They met nearly four decades ago — two guys from small-town Saskatchewan who didn’t get off on the best foot but quickly forged a bond. Now they’re about to coach Team Canada together at the Olympics.
The year was 1980. Dave King, from North Battleford, was the newly appointed head coach for the University of Saskatchewan Huskies. Willie Desjardins, from a little town called Climax, was new to the team.
Desjardins wasn’t the type of player who liked to be first out on the ice. In fact, he despised warm-ups, and would often hit the ice about 10 minutes after practice started.
That changed when King became his coach.
“The second practice, Dave came and asked me why I wasn’t on the ice. I told him, ‘I didn’t like warm-ups,'” Desjardins recalls. “He looked at me and told me, ‘You’re going to start liking them right now.’
“I was never late again.”
King took over a lacklustre U of S program and quickly turned things around. After reaching, and losing, back-to-back national championship finals, he guided the Huskies to a third title game in 1983 — and they finally won it.
Desjardins, the captain of that championship team, says the lessons he learned from King helped him become the coach he is today. And, as Canada’s head coach for the 2018 Winter Olympics, he’s happy to have King on his staff as an assistant.
“To come back and work with Dave all these years later is the chance of a lifetime,” says Desjardins.
The moment isn’t lost on King either.
“It’s special for an old coach to be able to work with one of his players who has become a fine coach,” he says. “We learned the work ethic we’ve carried with us from the Huskies. We both believe in similar things.”
Destined to coach
The 70-year-old King, who has been the head coach of Canada’s Olympic team three times and had NHL head-coaching stints with Calgary and Columbus, has been around the game long enough to know whether a player is capable of transitioning into coaching. He’s blunt about it — either they have it or they don’t.
He knew right away Desjardins was destined to be a coach.
“It dawned on me quickly he was a really smart player,” King says. “Willie was a cerebral player. When he would ask you questions there was a good reason for it. He had ideas. He wanted to understand why we were doing it this way or that way.”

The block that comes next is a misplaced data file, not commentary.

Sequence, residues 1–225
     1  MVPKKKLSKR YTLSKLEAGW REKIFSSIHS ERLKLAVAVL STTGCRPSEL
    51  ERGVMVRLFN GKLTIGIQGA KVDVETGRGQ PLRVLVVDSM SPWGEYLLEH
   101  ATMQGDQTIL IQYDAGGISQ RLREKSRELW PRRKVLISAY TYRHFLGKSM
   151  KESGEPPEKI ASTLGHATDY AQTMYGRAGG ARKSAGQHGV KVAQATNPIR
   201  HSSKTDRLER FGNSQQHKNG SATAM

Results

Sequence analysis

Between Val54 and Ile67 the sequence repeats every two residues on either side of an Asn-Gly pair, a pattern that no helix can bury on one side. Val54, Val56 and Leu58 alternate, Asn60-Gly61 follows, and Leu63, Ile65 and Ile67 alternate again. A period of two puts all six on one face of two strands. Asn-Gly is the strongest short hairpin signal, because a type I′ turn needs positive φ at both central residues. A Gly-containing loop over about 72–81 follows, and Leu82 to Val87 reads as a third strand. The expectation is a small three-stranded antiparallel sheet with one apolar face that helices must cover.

The two speak glowingly of one another, with respect and admiration. Desjardins says he knew from the moment King started coaching him that this was someone who was going to win a lot of hockey games and teach him a lot about the game.
“I think what made him a great coach is he hated to lose. There are very few people that hate to lose like Dave. It drives him,” Desjardins says. “He demands so much. But he doesn’t demand more from his players than he does from himself.”
Desjardins recalls their trips to Calgary and Edmonton. At that time, the Huskies carried a big roster and, to make sure all the players could fly, King would get the other coaches in a vehicle and they would drive.
“He never asked us to do things he wouldn’t do,” Desjardins says.
Up the ranks
It wasn’t long after his playing days at the U of S that Desjardins decided to take a stab at coaching. He got an assistant’s job at the University of Calgary and it wasn’t long after that, in 1989, that he became the head coach.
But Desjardins wanted international experience, so he turned to Japan — a place King had a lot of connections to from his coaching days there.
“I’ll never forget it. He called me one day and said, ‘I’m going to apply for some coaching jobs and can I use you on my resumé,'” King recalls. “I was not surprised. I was convinced this was the right guy for the job.”
Desjardins got the gig and he hasn’t looked back. He rose up the ranks from juniors, to NHL assistant, to minor-league head coach before landing the big job when he was named the Vancouver Canucks’ head coach in 2014. He was fired three years later but, after just a few months, was picked to lead Canada’s Olympic team in Pyeongchang.
Desjardins, who turns 61 during the Olympics, has nothing but thanks for King and his role in helping him get where he is today.
“He’s been great to me and my family,” Desjardins says. “He’s done so much for our game.”
Beware of ‘dogs’
Back in his U of S coaching days, King started using the phrase “nobody outworks the dogs.” He wanted his Huskies teams to be tenacious in all areas of the ice. So, naturally, when he and Desjardins were reunited on the Olympic team, they sought to instill that mindset in their players.
“When you coached against Dave, you had to respect his teams because of how committed they were and how hard they played,” Desjardins says.
The two used that aggressive style of play as a guide to select the Olympic team. They want to be fast and they want to outwork the rest of the world.
“We had a vision,” Kings says. “We want to be a team that pressures in every zone. So in our recruiting process we looked for skaters.”
Now, just days away from the Winter Games, both coaches feel they’ve assembled a team that has the potential to win gold for Canada. To them, the pressure is as great as ever, despite the absence of NHL players.
“I believe we have a good chance and we’ll find a way,” Desjardins says. “The one thing you can control is how hard you play. That’s what we can control and that’s what we’ll do.”